When the capillary is about as large as the RBCs, the capillary wall is helpful to hold the RBCs. The friction between the capillary wall and trapped cell will hinder the trapped cell to escape from the trap. In the longitudinal direction, the capillary wall can hold up the cell to avoid the longitudinal escaping. The RBCs flow faster in large blood vessel; therefore, higher laser power is required for sufficient transverse gradient force to trap the cells. We increase the laser power and trap an RBC in a vessel with a diameter of ~16 μm at the depth of 45 μm, as shown in Fig. 2 and Supplementary Movie S2. We manipulate the cell transversally with a passive manipulation method, in which the laser beam is stationary, whereas we move the stage to move the mouse ear. As the sample stage moves transversely, the trapped cell is gradually getting close to the edge of blood vessel as shown in Fig. 2a. The longitudinal manipulation of trapped cell is implemented with active manipulation method, in which the optical trap is moving with the movement of the microscope objective. In Supplementary Movie S2, the cell moves ~6 μm from the initial trapped site to the final position. The process of longitudinal manipulation is shown in Fig. 2c. When the objective is moving longitudinally, the trapped cell is always in focus while the image of the surrounding tissue becomes blurred, because the surrounding tissue is gradually out of focus. Our results show that optical tweezers can be a useful tool for manipulation of cells in three dimensions within living mice. In the experiments, we also observe that other cells in addition to RBCs can be trapped by optical tweezers, as shown in Supplementary Movie S3. The cell in Supplementary Movie S3 has a different shape compared with RBCs, and could be an immune cell.

Figure 2: Optical manipulation of a RBC in three dimensions.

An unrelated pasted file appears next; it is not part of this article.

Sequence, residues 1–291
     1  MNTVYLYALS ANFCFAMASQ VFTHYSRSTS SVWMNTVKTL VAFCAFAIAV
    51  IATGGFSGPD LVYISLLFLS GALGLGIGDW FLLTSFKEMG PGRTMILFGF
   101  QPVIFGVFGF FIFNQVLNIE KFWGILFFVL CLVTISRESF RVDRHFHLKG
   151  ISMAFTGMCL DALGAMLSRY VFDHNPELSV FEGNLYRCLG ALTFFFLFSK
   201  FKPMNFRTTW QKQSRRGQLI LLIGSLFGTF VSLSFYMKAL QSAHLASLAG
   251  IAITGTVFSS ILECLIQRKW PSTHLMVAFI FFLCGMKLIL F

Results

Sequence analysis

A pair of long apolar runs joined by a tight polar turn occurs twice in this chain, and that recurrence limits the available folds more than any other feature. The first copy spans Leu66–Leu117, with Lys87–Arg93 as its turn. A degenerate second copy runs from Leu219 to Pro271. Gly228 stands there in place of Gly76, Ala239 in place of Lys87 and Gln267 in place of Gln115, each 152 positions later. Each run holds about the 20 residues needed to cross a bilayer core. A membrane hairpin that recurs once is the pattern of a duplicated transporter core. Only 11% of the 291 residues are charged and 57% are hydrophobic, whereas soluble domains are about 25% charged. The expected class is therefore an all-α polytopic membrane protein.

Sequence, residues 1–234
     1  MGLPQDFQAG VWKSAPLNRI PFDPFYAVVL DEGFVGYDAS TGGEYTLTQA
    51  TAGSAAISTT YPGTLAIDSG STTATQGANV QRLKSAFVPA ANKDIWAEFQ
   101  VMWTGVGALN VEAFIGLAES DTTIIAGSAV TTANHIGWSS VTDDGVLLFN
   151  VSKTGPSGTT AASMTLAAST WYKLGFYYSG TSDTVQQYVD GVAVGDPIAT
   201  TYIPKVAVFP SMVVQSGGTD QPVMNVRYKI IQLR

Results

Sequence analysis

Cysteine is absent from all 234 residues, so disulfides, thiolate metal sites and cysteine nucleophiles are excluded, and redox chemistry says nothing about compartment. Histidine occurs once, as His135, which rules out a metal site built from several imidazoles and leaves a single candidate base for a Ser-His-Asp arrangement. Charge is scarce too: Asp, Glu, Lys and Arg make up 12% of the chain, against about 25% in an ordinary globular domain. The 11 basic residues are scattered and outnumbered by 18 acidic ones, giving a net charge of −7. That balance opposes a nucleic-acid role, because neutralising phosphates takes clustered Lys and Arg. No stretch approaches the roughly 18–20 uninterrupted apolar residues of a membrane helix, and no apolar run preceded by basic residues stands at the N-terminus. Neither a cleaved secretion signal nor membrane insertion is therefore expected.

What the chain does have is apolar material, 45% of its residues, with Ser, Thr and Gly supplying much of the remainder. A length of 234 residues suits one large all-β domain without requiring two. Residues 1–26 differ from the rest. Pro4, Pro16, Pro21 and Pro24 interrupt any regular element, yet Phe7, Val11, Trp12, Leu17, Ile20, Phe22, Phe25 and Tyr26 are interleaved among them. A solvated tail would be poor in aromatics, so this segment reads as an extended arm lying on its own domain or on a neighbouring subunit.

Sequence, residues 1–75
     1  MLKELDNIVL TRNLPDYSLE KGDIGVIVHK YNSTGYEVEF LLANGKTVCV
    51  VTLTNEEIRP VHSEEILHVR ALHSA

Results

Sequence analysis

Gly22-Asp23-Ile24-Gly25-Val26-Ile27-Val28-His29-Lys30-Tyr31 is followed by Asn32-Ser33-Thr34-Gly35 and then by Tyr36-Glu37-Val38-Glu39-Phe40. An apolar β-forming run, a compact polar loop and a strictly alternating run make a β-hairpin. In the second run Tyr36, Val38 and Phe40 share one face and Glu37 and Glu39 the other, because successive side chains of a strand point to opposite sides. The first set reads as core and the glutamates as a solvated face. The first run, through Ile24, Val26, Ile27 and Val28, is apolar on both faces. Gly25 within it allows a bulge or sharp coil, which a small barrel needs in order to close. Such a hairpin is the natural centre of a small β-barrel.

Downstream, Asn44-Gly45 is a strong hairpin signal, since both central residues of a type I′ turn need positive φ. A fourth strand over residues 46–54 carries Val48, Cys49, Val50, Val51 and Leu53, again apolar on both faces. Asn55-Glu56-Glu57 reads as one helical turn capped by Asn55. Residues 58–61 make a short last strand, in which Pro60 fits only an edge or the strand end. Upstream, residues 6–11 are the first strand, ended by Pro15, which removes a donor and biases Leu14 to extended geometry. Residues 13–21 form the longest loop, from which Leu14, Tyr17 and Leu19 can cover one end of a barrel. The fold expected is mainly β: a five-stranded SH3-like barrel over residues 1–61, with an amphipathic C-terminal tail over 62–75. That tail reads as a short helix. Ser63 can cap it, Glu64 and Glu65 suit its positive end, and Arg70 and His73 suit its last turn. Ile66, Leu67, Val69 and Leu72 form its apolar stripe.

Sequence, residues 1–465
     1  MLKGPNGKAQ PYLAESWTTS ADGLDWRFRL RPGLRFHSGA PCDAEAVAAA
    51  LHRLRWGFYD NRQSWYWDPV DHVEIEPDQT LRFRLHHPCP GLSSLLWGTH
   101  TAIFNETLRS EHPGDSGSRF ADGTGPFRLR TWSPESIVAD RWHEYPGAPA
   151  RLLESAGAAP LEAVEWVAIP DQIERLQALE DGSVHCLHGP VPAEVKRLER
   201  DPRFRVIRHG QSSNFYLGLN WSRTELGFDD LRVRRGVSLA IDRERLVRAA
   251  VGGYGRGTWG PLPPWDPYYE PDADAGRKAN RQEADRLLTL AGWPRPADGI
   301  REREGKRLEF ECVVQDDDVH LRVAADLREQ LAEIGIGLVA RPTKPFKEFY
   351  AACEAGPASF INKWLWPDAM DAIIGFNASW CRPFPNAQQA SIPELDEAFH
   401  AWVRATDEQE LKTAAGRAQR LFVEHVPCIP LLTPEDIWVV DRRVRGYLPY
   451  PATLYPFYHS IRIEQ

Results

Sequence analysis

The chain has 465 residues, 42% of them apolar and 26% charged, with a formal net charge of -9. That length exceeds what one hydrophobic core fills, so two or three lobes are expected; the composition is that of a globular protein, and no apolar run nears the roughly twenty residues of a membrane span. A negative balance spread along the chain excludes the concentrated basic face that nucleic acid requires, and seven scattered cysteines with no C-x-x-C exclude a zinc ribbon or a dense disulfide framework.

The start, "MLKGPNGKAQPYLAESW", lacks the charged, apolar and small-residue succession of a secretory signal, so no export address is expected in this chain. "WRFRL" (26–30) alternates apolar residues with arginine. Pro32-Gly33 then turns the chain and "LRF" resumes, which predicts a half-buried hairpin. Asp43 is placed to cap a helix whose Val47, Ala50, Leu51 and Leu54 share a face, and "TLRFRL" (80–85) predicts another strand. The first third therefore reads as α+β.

figure 2

(a,b) Transversal manipulation of a RBCs. The red line indicates the edge of the vessel. The cell moves with a transversal distance of about 4 μm. (c,d) Longitudinal manipulation of a RBCs. The red arrow indicates the edge of the vessel. With the longitudinal movement of the optical trap, the clear image (c) of the vessel edge becomes blurred (d), whereas the trapped RBC image is always clear, indicating that the trapped RBC is moving longitudinally with the optical trap. See also Supplementary Movie S2. Scale bar, 10 μm; ‘+’ indicates the optical trap centre.

Blockage of the capillary

Optical tweezers can induce artificial clot of RBCs in capillaries. For the capillary in Fig. 1, the diameter of RBC is approximately equal to the capillary diameter. Therefore, one trapped RBC can block the capillary. The trapped RBC causes the artificial clot and finally blocks the blood flow in the capillary as shown in Fig. 1d. The flood flow diverts to other interlinked capillaries, whereas we observe that no other RBCs flow through the capillary within 1 min. For the capillary with a larger diameter than RBCs, optical tweezers can trap a number of RBCs and induce artificial clot as shown in Fig. 3 and Supplementary Movie S4. The trapping of RBCs leads to the occupation of more free-flow area of the capillary by the trapped RBCs, which ultimately leads to aggregation and capillary blockage.

Figure 3: Optical trapping of a number of RBCs leads to capillary blockage.
figure 3

(a) Initially, the blood flows quickly through the capillary. (b) Blood flow slows down when optical tweezers trap a cell. However, the capillary is not completely blocked. (c,d) More and more RBCs are trapped, until the blood capillary is blocked completely. See also Supplementary Movie S4. Scale bar, 10 μm; ‘+’ indicates the optical trap centre and arrows indicate the direction of blood flow.

Micro-operation to clear a blocked capillary

When a blood capillary is blocked by trapped RBCs, the blood flow is diverted to other capillaries. The cells in the upper direction opposite to the blood flow stop flowing due to the balance of blood pressure. Then, a tube with no flow is sealed by trapped cells and the cells in the upper direction opposite to the blood flow. After a long time, the sealed tube becomes stable and the blood flow is blocked, even when the optical tweezers are turned off.